The first time I went to Edinburgh was in 1986 when I was at The University of Kent and we did a musical version of Aristotle’s 'Lysistrata'.
It was a bit like 'Oklahoma!' but set in Greece and we wore fake phalluses under our trousers made out of wire coathangers and stockings. I’ve come a long way since then.
The nice thing about Edinburgh is that it’s unlike anywhere else. When you come out of the theatre, you're part of the biggest art festival in the world. It has changed a lot in the last 10 years, I go nearly every year and it's always different.
Sadly, my favourite venue - the old Gilded Balloon - burned down. I had the best time there in 1994, doing a show. Phil Kay was on before me and Fred MacAulay was on afterwards. Two years later, Rich Hall was there doing Otis Lee Crenshaw, which I went to virtually every night. It was fantastic.
Listen to word of mouth reviews. The only way you can navigate your way around the festival and see a number of good shows is if you listen to two or three different people saying a show is good. Always be wary when someone is telling you a show is brilliant that they don’t have one of their friends in it.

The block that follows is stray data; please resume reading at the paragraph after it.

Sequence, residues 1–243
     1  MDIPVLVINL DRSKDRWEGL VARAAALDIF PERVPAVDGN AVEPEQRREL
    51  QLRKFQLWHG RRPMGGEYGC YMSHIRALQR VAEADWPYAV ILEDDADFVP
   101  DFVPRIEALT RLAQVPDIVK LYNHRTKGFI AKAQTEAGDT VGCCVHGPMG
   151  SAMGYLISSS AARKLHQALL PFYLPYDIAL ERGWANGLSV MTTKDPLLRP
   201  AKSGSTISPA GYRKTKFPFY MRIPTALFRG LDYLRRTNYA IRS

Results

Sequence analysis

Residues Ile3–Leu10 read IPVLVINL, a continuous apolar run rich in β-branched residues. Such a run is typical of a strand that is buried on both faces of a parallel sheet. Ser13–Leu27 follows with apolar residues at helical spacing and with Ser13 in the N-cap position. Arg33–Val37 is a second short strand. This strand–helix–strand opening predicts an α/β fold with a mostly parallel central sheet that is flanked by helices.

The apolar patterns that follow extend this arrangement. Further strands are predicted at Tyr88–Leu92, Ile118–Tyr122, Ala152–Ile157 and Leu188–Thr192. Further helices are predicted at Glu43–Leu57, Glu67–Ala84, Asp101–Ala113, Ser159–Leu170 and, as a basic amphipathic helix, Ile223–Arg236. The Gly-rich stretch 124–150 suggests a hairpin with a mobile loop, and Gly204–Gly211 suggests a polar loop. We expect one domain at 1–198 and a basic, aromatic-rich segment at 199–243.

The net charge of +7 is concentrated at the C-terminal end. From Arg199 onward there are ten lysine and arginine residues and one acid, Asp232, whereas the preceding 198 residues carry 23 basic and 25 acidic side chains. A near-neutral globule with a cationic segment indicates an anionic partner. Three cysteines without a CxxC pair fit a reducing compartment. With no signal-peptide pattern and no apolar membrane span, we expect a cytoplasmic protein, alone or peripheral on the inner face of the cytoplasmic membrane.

I've done that a few times and it turned out to be crap. If you're going for the whole run, pace yourself. And if you're seeing a new performer and you're not sure, try and sit quite close to an exit for an easy escape.
Alan Davies, Life is Pain, touring nationwide from 5 September
I will be seeing Sue Maclaine doing 'Still Life' because she is an old friend of mine. I did say be wary of a review from someone who has a friend in a show but she is very good. It’s her one-woman show at the Whitespace Gallery about Henrietta Moraes, Francis Bacon's model and muse. Sue plays Moraes and you can draw her as the show goes on. Aside from that I'm like everyone else and judging it on recommendations so I'll be watching some new acts but I may sit near an exit.
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